Tuesday, July 11, 2017
I was sent this image by someone who said it reminded them (we are now allowed to use the singular plural form of a pronoun) of something. They (ibid) liked it. Funny that, though it didn't really seem so to me.
I have cameras and nothing else. This blog has become nothing more than a lament.
Another friend sent me a link to a review in the N.Y. Times of Lawrence Osborne's new novel, "Beautiful Animals. I ordered it right away but it won't be available until July 18. I'm hoping the novel will be as good as his others. Or better. Osborne is a terrific writer who gets sloppy sometimes and makes mistakes. But he is good and I enjoy reading him more than any other contemporary writer. . . probably because his writing isn't contemporary. It is a throwback to something else. I don't think it would be easy for someone under thirty to enjoy his writing. I tried searching for a list of good writers under thirty just now. Pitiful results. You can find lots of lists of books written by writers under thirty, but they are old. Pynchon's "V." Hemingway's "The Sun Also Rises." Fitzgerald, etc.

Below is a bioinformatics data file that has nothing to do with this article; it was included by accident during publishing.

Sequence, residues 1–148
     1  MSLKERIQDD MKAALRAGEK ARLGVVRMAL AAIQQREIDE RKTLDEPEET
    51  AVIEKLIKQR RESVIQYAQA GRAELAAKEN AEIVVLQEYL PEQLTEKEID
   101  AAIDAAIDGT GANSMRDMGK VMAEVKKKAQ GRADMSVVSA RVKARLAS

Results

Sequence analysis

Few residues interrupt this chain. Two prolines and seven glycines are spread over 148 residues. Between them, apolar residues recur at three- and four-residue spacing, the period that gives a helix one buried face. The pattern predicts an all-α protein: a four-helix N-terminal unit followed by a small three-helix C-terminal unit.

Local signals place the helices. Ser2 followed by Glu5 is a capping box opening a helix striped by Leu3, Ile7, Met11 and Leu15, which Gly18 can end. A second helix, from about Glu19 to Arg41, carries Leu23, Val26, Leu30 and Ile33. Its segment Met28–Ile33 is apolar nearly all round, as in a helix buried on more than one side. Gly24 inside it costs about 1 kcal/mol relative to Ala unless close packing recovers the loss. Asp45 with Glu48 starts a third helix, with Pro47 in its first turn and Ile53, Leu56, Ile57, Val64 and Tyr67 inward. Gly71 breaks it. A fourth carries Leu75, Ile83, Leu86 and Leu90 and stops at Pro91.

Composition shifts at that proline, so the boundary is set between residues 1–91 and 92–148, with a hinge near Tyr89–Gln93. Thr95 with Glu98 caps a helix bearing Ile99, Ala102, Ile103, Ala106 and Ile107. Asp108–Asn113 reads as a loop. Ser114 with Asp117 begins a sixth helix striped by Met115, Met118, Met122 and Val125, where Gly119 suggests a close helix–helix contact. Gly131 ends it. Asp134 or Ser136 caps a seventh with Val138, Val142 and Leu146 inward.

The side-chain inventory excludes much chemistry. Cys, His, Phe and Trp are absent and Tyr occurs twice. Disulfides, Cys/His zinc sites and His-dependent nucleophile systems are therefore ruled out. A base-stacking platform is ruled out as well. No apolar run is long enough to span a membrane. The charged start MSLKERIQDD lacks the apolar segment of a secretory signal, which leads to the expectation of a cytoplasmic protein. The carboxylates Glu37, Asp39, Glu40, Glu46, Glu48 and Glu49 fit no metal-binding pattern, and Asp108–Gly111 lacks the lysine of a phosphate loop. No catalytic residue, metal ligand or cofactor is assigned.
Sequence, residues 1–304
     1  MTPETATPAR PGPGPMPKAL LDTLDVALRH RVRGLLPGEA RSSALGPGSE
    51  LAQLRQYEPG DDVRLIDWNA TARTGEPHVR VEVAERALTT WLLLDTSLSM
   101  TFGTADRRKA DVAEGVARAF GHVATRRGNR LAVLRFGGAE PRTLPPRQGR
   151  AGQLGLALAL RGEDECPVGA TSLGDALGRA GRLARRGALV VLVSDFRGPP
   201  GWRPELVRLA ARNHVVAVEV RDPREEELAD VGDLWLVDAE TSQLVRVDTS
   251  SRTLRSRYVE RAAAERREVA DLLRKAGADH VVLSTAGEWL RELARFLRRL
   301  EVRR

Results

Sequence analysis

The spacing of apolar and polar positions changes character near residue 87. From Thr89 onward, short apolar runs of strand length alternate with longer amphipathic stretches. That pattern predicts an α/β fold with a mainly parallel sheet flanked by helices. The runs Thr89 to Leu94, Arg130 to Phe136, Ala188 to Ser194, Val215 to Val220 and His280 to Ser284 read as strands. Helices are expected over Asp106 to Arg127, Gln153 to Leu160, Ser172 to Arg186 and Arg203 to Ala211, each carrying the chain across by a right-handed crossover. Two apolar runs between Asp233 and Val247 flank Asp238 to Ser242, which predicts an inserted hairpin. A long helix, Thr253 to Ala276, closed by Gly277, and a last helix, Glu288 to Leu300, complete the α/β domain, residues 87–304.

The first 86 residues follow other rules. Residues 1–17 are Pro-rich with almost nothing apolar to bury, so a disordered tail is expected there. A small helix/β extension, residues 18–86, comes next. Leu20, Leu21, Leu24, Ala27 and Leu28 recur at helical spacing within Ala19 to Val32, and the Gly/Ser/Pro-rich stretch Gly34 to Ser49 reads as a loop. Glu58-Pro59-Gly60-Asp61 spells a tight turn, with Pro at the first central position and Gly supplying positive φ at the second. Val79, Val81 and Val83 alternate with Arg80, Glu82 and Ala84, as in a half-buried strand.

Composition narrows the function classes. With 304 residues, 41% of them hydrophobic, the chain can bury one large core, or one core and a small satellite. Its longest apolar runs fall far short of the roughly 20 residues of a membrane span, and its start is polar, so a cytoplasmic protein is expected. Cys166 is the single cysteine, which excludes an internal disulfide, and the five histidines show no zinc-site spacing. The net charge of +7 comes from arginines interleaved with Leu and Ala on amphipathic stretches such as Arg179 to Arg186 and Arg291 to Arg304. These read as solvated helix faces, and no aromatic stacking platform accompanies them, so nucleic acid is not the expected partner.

I'm not against young writers at all. Tell me which ones. I'm all ears.
I'm pretty sure the writing will be about identity politics.
I did some research on trailer parks yesterday. Not much out there, really, but I found enough, I think, to write a cover letter about my artistic mission, at least one that might get me in the door. Trailer Parks started years before I would have imagined, but the 1960's saw a real boom. Trailers started as campers, but people who could afford nothing else began to live in them full-time. What began as recreation ended up as alternative living for the poor; hence, the stereotypical hallmark of trailer park living.
My cover letter won't say any of that. It will be about the disappearing lifestyle of historic mobile home living. There are many beautiful images from the past.
Jesus. What a thing. If I do it, I'm sure that people will object to that, too.